The Federal Trade Commission’s 2017 fraud statistics are out. Many were surprised to learn that more young adults fell for scams than seniors. Among the age range of 20 to 29, 4 out of 10 people reported losing money in a scam. Only 18 percent of people over 70 reported being scammed. The big difference is that younger adults lost an average of $400 each, while seniors reported losing around $1,000.
The Three Main Forms of Fraud.
Three forms of fraud stood out. The first was debt collection fraud. People were getting notifications that they owed money and paid it to avoid damage to their credit score, possible legal fees, or jail time. Sometimes, these callers use names similar to those of local businesses that you may have done business with at some point.
Identity theft was next. People get tricked into giving out a credit card number or SSN. In some cases, the information is stolen through hacks into databases of stores, banks, and even credit reporting sites like Equifax. Thieves then use that information to get cash by making purchases, withdrawing cash, or filing taxes using your stolen SSN.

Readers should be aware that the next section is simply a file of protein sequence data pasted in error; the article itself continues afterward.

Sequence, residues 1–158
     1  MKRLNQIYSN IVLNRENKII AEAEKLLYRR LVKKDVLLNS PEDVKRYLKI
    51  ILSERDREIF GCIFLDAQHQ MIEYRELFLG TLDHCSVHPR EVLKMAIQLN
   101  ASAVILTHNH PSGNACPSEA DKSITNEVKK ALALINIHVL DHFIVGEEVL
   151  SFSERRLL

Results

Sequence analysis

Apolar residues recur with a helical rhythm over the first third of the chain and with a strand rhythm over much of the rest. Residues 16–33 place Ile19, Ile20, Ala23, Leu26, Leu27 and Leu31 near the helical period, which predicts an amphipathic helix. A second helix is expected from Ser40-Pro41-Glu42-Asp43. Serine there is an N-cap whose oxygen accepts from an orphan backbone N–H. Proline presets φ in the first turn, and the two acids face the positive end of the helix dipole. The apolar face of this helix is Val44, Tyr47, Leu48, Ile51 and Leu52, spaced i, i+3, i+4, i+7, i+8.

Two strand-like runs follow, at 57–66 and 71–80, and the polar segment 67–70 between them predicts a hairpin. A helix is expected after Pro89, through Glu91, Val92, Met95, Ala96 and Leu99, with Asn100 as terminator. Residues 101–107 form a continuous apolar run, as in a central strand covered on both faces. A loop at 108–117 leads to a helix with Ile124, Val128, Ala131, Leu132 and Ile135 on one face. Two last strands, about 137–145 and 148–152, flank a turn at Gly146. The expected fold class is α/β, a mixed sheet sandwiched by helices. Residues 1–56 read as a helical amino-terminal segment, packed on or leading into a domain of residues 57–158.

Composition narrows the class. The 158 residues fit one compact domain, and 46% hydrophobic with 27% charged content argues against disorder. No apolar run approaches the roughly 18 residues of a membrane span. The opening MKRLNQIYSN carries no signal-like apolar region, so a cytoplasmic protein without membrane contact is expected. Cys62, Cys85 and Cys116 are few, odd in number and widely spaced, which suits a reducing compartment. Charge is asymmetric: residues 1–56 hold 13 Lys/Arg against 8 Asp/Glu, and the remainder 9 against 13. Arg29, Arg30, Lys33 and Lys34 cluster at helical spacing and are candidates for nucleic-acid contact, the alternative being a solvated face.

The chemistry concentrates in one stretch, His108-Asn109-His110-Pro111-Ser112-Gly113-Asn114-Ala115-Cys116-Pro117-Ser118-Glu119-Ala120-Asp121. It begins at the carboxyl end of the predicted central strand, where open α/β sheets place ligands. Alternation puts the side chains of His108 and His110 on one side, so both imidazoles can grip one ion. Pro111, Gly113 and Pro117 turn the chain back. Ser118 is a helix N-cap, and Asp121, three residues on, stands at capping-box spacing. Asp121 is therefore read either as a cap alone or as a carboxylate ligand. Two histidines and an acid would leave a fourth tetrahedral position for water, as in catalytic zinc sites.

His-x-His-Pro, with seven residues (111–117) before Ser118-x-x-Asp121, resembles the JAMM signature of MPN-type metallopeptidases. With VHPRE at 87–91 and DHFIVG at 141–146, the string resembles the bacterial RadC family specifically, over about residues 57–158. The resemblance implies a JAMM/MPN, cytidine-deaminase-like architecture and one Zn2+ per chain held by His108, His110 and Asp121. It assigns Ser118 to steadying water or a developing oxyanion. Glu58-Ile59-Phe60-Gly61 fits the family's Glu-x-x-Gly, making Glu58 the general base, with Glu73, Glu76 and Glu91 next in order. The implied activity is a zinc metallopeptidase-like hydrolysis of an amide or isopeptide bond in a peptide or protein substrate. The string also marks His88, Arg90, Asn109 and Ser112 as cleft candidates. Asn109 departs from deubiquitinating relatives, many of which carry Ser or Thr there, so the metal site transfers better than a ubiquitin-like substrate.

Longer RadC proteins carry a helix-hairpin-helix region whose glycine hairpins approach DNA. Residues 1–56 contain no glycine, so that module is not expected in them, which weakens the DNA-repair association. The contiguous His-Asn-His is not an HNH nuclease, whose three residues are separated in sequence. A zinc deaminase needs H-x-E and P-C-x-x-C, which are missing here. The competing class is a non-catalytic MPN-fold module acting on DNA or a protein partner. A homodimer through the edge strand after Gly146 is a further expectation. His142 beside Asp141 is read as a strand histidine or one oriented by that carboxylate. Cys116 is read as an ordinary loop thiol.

Imposter scams were the third most common scam. In this case, someone poses as an agent of an agency and demands money to avoid legal fees or even jail time. IRS, a grandchild is in jail, and unpaid parking/speeding ticket emails and calls are examples of imposter scams.
Easy Tips to Avoid a Scam.
To keep your elderly parent from falling for a scam, try to keep them from answering the phone. It’s getting harder now that scammers are rigging the caller ID to display a local person or business’s number. If your parent does answer, make sure they know to never give out information.
They should ask that the company follows the Fair Debt Collection Practices Act and send everything in writing. If they threaten your parent, they need to hang up and report the caller’s phone number and name to the FTC.
Research everything. If your parent feels a call was legitimate, they can have you do some research. If the caller claims to have been a grandchild, your parent should hang up and call that grandchild’s parents to ask if they’re really in that location. If the call is a local business, they should look up the business’s number and call. They can see if the company really did call and if there is unpaid debt.
Make sure your parent isn’t answering the phone in order to have someone to talk to. If loneliness is a factor, caregivers can prevent loneliness by offering companionship services as part of a senior care package.
If you have a loved one who could benefit from senior care in Vallejo, CA, contact the caregivers at A Better Living Home Care Agency. We help seniors and their families with many levels of home care. Call 925-566-2366 for more information.